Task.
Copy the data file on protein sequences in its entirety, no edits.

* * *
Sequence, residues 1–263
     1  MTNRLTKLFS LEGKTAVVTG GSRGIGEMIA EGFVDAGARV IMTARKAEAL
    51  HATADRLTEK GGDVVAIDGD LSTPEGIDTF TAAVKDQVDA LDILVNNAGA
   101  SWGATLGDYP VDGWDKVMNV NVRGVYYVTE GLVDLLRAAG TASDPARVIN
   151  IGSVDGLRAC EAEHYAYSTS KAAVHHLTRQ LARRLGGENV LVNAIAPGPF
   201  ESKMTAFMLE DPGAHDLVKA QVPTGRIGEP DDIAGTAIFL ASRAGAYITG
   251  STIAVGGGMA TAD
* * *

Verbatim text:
Sequence, residues 1–263
     1  MTNRLTKLFS LEGKTAVVTG GSRGIGEMIA EGFVDAGARV IMTARKAEAL
    51  HATADRLTEK GGDVVAIDGD LSTPEGIDTF TAAVKDQVDA LDILVNNAGA
   101  SWGATLGDYP VDGWDKVMNV NVRGVYYVTE GLVDLLRAAG TASDPARVIN
   151  IGSVDGLRAC EAEHYAYSTS KAAVHHLTRQ LARRLGGENV LVNAIAPGPF
   201  ESKMTAFMLE DPGAHDLVKA QVPTGRIGEP DDIAGTAIFL ASRAGAYITG
   251  STIAVGGGMA TAD